Knife Tang Types
September 23, 2016
Tang is an important characteristic of fixed-blade knives. The Tang is the portion of the blade that extends down into the handle. There are several types of knife tangs, but they can be broken down into two main categories: Full Tang and Partial Tang.
Full Tang – (pictured above) refers to a knife tang that extends the full length and width of the handle. Full tang knives generally form the handle by the use of Scale material. Scales refer to two pieces of handle material that sandwich the tang between them and are attached to the tang by adhesive and/or rivets /pins. Full Tang knife construction is generally considered the most durable and solid knife construction available and is intended for hard working knives.
A Skeletonized tang has portions of material removed from the tang stock. Often found on knives with full tang construction but without handle material. Skeletonized tang construction is popular on bare bones survival blades and neck knives.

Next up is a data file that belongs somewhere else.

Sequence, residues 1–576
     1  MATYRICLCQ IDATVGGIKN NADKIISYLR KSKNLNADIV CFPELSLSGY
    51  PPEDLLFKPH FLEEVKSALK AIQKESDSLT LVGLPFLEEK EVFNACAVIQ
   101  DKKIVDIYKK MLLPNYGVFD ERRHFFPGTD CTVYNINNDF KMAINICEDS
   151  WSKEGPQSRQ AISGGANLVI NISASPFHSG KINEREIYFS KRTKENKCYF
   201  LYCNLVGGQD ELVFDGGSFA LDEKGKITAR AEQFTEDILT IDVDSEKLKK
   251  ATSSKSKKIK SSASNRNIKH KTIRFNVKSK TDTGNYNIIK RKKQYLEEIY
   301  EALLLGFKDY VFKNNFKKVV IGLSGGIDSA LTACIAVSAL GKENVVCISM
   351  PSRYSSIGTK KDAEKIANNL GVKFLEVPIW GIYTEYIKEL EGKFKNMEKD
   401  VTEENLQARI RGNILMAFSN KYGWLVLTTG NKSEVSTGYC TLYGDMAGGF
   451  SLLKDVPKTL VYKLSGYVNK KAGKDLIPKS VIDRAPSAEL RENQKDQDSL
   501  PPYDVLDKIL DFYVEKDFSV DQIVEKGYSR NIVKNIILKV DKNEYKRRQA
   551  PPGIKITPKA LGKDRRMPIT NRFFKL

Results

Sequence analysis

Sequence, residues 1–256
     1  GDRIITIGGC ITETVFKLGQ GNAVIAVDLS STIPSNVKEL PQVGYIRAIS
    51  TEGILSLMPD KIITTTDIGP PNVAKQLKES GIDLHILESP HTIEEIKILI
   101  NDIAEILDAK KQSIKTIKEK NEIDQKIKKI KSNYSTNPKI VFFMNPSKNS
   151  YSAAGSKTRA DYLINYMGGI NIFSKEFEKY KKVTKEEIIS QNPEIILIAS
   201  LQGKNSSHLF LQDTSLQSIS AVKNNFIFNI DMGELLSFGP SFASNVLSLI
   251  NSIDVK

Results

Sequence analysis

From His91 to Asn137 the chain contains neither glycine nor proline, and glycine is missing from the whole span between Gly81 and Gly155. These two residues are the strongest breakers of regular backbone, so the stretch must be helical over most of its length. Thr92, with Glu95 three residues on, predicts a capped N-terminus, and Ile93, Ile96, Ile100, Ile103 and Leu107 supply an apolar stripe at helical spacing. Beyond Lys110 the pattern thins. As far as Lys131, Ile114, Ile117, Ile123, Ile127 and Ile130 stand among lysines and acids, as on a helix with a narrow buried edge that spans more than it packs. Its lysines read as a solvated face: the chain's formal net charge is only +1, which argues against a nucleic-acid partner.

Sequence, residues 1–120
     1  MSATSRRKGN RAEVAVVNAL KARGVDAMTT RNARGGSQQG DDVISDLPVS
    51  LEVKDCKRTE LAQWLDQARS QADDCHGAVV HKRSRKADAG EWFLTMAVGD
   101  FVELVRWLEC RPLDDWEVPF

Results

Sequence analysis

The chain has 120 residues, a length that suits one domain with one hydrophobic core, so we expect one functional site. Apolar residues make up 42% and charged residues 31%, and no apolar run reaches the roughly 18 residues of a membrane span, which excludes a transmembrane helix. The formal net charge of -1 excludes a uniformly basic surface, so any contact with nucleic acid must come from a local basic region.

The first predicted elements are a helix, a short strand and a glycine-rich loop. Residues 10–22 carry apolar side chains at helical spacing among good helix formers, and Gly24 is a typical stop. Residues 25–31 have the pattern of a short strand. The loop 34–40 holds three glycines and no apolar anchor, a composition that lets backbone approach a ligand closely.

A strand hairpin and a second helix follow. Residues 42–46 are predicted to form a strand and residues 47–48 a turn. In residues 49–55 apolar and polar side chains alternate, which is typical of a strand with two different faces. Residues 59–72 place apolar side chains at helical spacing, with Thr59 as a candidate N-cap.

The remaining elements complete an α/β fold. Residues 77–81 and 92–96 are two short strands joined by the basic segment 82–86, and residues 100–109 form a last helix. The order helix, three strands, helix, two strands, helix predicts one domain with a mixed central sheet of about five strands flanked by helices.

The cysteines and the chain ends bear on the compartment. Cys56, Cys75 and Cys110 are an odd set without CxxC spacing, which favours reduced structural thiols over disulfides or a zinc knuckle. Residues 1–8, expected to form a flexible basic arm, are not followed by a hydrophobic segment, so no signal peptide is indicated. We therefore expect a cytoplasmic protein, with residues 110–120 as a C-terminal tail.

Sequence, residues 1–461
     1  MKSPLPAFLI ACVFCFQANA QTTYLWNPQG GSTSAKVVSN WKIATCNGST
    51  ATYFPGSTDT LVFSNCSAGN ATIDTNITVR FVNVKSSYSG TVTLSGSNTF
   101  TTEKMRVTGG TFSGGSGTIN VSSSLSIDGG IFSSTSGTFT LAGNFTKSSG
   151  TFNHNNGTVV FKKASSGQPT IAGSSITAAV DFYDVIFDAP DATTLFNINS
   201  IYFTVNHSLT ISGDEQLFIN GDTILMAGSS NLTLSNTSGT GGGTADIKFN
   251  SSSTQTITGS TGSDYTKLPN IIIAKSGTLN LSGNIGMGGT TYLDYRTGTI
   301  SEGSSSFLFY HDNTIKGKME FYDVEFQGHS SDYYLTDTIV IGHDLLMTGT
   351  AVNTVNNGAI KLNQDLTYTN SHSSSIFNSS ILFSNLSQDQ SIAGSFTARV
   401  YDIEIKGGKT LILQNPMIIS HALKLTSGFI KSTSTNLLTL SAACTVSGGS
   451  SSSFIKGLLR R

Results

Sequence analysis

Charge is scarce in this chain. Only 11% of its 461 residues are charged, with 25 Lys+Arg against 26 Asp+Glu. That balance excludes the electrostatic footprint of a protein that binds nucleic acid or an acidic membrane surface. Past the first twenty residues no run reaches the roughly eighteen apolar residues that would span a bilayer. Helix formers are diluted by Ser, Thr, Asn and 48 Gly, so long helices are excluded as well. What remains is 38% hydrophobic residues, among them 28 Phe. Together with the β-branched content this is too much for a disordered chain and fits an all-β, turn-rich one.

Partial Tang refers to a knife tang that doesn’t fully extend and/or match the width of the blade and handle material. Generally considered weaker than Full Tangs, Partial Tangs have their place in the knife world and generally produce much lighter knives. Partial Tangs can be broken down further into sub categories.
A shortened tang that tapers after the blade portion of a knife. Push Tangs are pushed or forced into the handle material and secured with adhesive.
Similar to a Push Tang, the Hidden Tang tapers after the blade portion and is attached to the handle with adhesive. It generally has no outside evidence of its attachment. Hidden Tangs can also run longer than the full length of the handle and can be secured by a pommel or buttcap.
Also known as a Stick Tang, the Rat Tail is the weakest of knife tangs. Rat tail tangs are generally reserved for inexpensive or display knives. They use less stock material. The blade is thick, while the tang narrows significantly, resulting in a knife that is unsuitable for heavy use.
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